Dear Friends and Family,
While in Switzerland, all I wanted to do was immerse myself in the world of Gruyère. And not just any Gruyère: Gruyère d’alpage. A cheese so delicious, so nutty and so buttery, I dreamed of eating my way through an entire wheel, kilo by kilo.
The most remarkable quality of Gruyère d’alpage, a quality that sets it apart from any regular Gruyère or Gruyère wannabe, is the way in which it is produced. As I experienced first-hand, thanks to my friendship with Jean-Pierre Hani (a Swiss dairy technician and consultant with whom I toured many dairies), the cheese is made exclusively in the mountains by families who uphold “old school” techniques, such as heating their milk over fire, and measure their success not as individuals but as a whole.
Many countries (such as Norway, Italy, Austria, France and Spain) also boast beautiful mountain cheese traditions. But none gives me quite as much hope. Not only is Gruyère d’alpage rooted in a regional economy, but it is competitive in global markets. If we want to preserve artisanal cheese and small farms around the world, this balance is key.
Locals might say their success stems from hard work over many generations and the values, such as solidarity and cooperation, that are embedded in their craft. But in all fairness, government subsidies (the highest in all of Europe for cheese) provide producers with much-needed economic relief. Federal funding also paved the way for international trade and a highly specialized industry (with top infrastructure and schools).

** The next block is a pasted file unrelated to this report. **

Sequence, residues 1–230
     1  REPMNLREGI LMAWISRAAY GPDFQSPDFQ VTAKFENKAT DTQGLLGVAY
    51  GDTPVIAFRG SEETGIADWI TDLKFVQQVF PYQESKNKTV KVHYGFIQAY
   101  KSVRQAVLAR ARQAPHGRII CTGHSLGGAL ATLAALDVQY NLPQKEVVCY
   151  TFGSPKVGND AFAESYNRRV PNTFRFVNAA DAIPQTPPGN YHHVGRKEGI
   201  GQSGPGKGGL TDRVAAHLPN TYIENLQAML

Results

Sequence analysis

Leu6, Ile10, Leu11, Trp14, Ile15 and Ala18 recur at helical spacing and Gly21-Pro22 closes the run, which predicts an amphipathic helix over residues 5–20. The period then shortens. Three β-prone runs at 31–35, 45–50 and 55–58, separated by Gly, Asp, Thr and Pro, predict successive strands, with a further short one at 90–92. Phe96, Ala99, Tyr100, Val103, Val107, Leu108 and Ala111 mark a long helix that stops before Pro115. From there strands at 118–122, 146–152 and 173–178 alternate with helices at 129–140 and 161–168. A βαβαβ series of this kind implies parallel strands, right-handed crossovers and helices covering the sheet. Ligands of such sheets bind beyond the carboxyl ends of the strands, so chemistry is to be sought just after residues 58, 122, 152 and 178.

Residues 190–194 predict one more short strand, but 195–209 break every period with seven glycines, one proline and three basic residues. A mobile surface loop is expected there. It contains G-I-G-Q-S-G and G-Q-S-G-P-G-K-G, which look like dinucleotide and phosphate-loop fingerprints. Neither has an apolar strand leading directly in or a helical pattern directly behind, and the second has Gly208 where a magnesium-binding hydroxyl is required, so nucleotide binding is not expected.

Jean-Pierre Hani voiced concern with regards to this financial aid, saying it may lower the bar for hard work or threaten the long-term viability of Swiss agriculture. These consequences, however, seem small in the grand scheme of things. Each summer, Gruyère d’alpage draws hundreds of tourists and employs many local kids, both of whom boost the economy (at home and abroad) and deepen respect for the mountains and people who work there. In so doing, the government protects the Swiss way-of-life, emphasizes cultural heritage over big agriculture and sends a powerful message: It is possible for global markets to benefit small cheesemakers, without compromising their integrity or traditions.